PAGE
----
November 14, 2019

Consumer News Workplace Drug and Alcohol Testing

BTJW Files Employment Class Action Against Mayo Clinic: Drug Testing, Medical Cannabis

November 14, 2019 – Medical exceptions for medical cannabis use in Minnesota and nationwide have given employees more rights and leverage in the area of drug testing and job protection. If you are enrolled in Minnesota’s Medical Cannabis Registry program, tested positive for marijuana and were denied a position, you may have a legal claim to compensation. Currently, our firm is pursuing a class action lawsuit on behalf of job applicants and employees of the Mayo Clinic who were subjected to the Clinic’s unlawful medical cannabis and drug testing policies and practices.

What laws protect employees using medical cannabis in Minnesota?

The Minnesota Drug and Alcohol Testing in the Workplace Act (“DATWA”) and the Minnesota Human Rights Act (“MHRA”) protect employees from discrimination. DATWA requires that employers who drug test provide every individual with a legal valid drug testing policy and give applicants written notice of test results within three working days after receipt of results. We have filed a class action lawsuit against the Mayo Clinic for failing to comply with DATWA’s written acknowledgement and written test notice requirements.

Mayo’s practice of denying individuals employment for testing positive for medical marijuana, even though they are lawfully enrolled in Minnesota’s Medical Cannabis Registry program, is an unfair and discriminatory practice in violation of Minnesota’s THC Therapeutic Research Act. Failure to hire or any other retaliatory action based on a positive marijuana test is also a violation of the MHRA for discrimination based on disabilities for those prescribed medical cannabis for the treatment of those disabilities.

Employee denied position even with medical prescription and lawful program enrollment

The class representative in Johnson v. Mayo Clinic, 55-CV-19-5659 (D. Ct. Minn. Aug. 9, 2019), was legally prescribed medical cannabis as part of her treatment of symptoms related to multiple sclerosis. In February 2019, the Minnesota Department of Health approved her application for the use of medical marijuana and since then she has used it to treat her symptoms. In May 2019, she applied for a position with Mayo and was offered the position after an interview. Prior to her orientation, she was informed that she would need to go through preemployment drug testing. She informed human resources that she was prescribed medical cannabis and offered to provide proper documentation showing her membership in the Minnesota Medical Cannabis Registry.

After being informed that she failed her drug test, she was told she would have 72 hours to pay for another test. She declined a second test, understanding that the levels would likely not have changed due to her medical use of marijuana. Mayo Clinic then withdrew her job offer as a result of the failed drug test. The Mayo Clinic’s policy of denying employment to a legal medical marijuana user is equivalent to discrimination against disabled individuals who use cannabis to treat disability. In further violation of employee rights and Minnesota drug testing laws, the Mayo Clinic failed to obtain a signed acknowledgement from the employee that she had reviewed the drug testing policy prior to testing.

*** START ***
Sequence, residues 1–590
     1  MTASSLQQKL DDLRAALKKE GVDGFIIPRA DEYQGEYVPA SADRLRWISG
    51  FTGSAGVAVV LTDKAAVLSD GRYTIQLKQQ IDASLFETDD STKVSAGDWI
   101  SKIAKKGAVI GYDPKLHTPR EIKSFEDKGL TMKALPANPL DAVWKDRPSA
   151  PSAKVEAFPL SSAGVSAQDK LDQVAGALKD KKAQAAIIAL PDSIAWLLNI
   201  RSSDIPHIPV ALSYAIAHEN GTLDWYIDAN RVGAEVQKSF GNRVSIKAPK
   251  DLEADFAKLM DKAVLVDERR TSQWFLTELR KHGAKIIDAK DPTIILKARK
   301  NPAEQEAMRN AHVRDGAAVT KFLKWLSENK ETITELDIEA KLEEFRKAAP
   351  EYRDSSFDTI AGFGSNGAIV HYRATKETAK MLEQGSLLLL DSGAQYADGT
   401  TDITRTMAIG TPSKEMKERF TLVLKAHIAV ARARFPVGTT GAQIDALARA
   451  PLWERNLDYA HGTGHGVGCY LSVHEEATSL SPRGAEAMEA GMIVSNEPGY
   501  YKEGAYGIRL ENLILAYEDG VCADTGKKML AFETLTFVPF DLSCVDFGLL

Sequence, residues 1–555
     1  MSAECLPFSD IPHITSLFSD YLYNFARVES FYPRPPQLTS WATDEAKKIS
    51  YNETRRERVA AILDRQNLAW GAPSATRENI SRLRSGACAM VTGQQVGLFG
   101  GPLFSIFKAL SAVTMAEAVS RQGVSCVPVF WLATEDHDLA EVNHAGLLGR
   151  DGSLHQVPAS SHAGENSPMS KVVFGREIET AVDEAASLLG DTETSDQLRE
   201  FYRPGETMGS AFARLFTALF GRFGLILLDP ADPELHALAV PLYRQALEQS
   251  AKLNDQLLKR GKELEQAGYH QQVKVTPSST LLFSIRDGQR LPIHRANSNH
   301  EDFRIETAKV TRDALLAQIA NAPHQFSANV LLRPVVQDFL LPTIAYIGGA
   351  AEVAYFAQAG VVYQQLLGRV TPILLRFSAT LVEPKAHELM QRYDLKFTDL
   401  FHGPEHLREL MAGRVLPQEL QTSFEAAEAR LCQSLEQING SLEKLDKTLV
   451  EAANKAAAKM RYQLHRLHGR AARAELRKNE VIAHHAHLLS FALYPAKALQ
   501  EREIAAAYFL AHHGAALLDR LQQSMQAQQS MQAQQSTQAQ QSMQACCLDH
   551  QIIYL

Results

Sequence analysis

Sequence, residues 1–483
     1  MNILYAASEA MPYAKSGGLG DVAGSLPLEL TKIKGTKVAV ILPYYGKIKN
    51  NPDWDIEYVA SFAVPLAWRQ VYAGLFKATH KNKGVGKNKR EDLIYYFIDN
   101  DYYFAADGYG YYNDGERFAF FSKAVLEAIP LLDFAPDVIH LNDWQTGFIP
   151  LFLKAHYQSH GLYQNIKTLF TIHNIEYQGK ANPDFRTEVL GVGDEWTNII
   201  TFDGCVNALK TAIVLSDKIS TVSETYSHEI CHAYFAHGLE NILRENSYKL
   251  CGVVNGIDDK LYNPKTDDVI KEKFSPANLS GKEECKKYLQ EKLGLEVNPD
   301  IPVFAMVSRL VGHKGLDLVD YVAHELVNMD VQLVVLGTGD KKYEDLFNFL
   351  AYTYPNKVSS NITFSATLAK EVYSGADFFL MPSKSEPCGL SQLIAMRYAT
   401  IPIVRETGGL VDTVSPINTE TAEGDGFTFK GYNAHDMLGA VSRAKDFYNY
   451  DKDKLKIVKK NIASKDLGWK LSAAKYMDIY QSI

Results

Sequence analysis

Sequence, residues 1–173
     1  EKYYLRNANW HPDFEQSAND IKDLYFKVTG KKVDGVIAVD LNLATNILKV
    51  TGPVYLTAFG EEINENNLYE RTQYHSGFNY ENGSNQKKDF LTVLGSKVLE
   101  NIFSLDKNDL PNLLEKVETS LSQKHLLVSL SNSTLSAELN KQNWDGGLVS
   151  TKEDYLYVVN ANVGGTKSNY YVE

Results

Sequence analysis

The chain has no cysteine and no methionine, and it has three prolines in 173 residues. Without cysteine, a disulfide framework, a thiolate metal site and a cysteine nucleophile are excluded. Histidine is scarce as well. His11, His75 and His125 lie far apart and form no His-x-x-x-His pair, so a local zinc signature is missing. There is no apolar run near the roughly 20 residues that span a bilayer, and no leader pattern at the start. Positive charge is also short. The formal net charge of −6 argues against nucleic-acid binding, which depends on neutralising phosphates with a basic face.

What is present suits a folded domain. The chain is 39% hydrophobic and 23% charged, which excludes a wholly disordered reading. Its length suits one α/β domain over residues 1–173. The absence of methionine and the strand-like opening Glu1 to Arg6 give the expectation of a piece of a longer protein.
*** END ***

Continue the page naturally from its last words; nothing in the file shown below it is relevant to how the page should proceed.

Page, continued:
Members of the Mayo Clinic class action lawsuit

Our class action lawsuit includes a class of all individuals in Minnesota who were subjected to the Mayo Clinic’s unlawful medical cannabis and drug testing policies. If you were an applicant to or an employee of the Mayo Clinic and were asked to complete drug testing but were not given a copy of the drug testing policy or sign acknowledgment of receipt of the policy, you may be a member of this class and eligible for compensation.

What compensation can an employee collect?

In the event that a plaintiff or member of this class has been denied employment as a result of the Mayo Clinic’s unlawful drug testing policy and practices, an employee may pursue compensation and punitive damages. Our firm is aggressively seeking damages for any member of this class who was denied employment, including compensatory, emotional distress and punitive damages.

Minnesota laws prohibit discrimination against medical cannabis users

If you were recently given a drug test and denied employment because of a positive result and you are enrolled in Minnesota’s Medical Cannabis Registry program, you may be eligible to file a legal claim against your employer. You may also be entitled to compensation if a potential employer failed to provide you with written notice of a drug testing policy. Please contact our firm for more information about the Minnesota Human Rights Act, DATWA or the Minnesota THC Therapeutic Research Act.

Wanta Thome PLC is committed to protecting the rights of employees who have suffered employment discrimination, harassment and retaliation. For questions about this lawsuit or about your employment rights, contact Shawn Wanta or any of our attorneys by clicking here.